Sniffling, sore-throated kids seen via telemedicine visits were far more likely to be prescribed antibiotics than those who went to a doctor’s office or clinic, according to a new study.
Many of those prescriptions disregarded medical guidelines, raising the risk they could cause side effects or contribute to the rise of antibiotic-resistant germs.
“I understand the desire for care that’s more convenient and timely,” said the study’s lead author, Dr. Kristin Ray of the University of Pittsburgh. “But we want to make sure that we don’t sacrifice quality or safety or effectiveness in the process.”
The study was being published Monday in the journal Pediatrics.
Ray and her colleagues looked at more than 340,000 insured children who had acute respiratory illness medical visits in 2015 and 2016.
Children received prescriptions for antibiotics more than half the time during telemedicine visits, compared with 42% at urgent care clinics and 31% at doctors’ offices.
While overprescribing can help germs build resistance to antibiotics and mutate into untreatable superbugs, they also can add a needless cost to medical bills and even cause serious side effects, said Tim Landers, an Ohio State University expert on antibiotic-resistant infections.
“These are not harmless drugs,” Landers said, who was not involved in the study.
The researchers also found that in looking at telemedicine doctors’ decisions about whether to prescribe or not prescribe antibiotics, 4 out of 10 failed to meet medical guidelines on matching treatment to diagnosis. That mainly had to do with doctors prescribing bacteria-fighting drugs to treat viral illnesses, such as colds and flus, that are unaffected by antibiotics.
In comparison, 3 out of 10 urgent care clinic decisions were inappropriate, and about 2 out of 10 doctors’ office decisions were.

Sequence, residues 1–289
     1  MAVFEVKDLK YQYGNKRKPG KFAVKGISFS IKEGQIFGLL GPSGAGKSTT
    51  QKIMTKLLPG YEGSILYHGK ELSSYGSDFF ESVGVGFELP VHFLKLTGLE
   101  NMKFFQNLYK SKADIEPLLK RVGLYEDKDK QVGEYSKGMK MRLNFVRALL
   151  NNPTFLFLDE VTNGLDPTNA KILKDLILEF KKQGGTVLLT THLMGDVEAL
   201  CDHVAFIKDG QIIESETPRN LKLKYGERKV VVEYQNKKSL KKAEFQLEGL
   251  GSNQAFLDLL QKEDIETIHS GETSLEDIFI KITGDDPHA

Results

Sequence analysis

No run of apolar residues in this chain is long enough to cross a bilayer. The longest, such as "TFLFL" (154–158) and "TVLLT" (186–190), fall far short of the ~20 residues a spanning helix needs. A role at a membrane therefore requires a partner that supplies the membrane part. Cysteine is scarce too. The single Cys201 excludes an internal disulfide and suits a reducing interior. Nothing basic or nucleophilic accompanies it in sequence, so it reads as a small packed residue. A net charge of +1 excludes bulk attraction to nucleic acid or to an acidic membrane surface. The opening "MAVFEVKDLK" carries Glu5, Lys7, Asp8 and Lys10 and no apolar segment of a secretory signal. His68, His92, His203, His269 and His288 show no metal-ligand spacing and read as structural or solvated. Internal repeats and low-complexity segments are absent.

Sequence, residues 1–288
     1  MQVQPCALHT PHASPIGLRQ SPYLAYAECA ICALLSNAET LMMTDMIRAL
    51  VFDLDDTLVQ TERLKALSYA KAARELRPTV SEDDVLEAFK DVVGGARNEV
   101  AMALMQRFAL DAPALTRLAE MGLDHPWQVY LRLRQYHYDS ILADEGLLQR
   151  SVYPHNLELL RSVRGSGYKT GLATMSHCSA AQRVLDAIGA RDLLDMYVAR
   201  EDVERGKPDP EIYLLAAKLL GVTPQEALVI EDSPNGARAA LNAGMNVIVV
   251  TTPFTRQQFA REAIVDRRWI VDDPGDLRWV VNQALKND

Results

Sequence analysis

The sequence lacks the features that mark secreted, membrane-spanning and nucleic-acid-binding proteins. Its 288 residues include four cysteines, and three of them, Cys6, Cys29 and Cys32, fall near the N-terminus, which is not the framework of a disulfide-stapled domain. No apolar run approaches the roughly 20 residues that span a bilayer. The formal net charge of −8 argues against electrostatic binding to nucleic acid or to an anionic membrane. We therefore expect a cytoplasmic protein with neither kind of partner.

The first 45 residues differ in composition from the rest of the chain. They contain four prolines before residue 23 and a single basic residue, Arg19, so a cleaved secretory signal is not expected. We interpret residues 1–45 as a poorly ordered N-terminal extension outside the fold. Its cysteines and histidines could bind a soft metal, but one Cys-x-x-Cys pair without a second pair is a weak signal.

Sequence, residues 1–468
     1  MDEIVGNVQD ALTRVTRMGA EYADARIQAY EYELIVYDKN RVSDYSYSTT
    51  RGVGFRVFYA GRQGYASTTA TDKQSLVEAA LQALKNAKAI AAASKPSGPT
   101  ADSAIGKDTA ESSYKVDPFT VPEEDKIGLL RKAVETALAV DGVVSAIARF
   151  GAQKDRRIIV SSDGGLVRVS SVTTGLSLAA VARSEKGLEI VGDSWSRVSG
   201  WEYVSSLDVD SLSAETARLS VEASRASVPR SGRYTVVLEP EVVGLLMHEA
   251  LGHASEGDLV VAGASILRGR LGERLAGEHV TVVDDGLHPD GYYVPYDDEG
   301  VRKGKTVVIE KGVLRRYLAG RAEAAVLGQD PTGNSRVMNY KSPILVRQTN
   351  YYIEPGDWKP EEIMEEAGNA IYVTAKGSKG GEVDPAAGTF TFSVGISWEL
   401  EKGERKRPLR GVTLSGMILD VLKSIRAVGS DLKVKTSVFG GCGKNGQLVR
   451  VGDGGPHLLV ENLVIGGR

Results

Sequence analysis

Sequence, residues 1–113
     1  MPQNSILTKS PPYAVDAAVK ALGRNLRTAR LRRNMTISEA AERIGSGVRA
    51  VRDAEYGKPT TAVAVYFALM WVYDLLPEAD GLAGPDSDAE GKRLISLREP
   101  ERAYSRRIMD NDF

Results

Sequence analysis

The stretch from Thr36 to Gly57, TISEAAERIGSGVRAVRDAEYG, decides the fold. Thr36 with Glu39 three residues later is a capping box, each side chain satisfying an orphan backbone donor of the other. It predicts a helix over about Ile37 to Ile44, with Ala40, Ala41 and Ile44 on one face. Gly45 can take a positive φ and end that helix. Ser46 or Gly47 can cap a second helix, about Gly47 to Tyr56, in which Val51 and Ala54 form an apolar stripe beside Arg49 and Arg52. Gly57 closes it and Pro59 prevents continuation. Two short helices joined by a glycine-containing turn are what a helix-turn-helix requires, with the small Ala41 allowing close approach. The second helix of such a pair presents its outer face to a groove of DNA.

The researchers also found telemedicine physicians appeared to be ignoring other guidelines. For example, doctors are supposed to take a throat swab and run a lab test before diagnosing strep throat. But that rarely happened in telemedicine visits, Ray said.
A large recent study on antibiotic prescribing patterns for adults found little difference between telemedicine and office visits. But there has been little study of the issue in children.
During telemedicine visits, patients interact with doctors and nurses through video or audio calls. They can be less expensive and easier than trying to get in at a pediatrician’s office or hauling kids to an urgent care center.
Some doctors and hospital systems use the technology for consultations, but the study focused on direct-to-consumer telemedicine programs that someone can call up without talking to their regular doctor. Only about 1 percent of the sick kids in the study were seen through such visits.
The American Academy of Pediatrics, which publishes the journal, encourages parents not to use such direct-to-consumer programs. Academy officials say limited physical examinations and lack of access to patient records can harm care.
But telemedicine seems to be catching on, especially among employers who believe it can save money, said Jason Doctor, a University of Southern California health policy and economics researcher.
Doctor is examining ways to improve antibiotic prescribing at telehealth firms. It’s an important issue, he said, because “telemedicine is going to grow. It’s going to become a more routine part of people’s medical care.”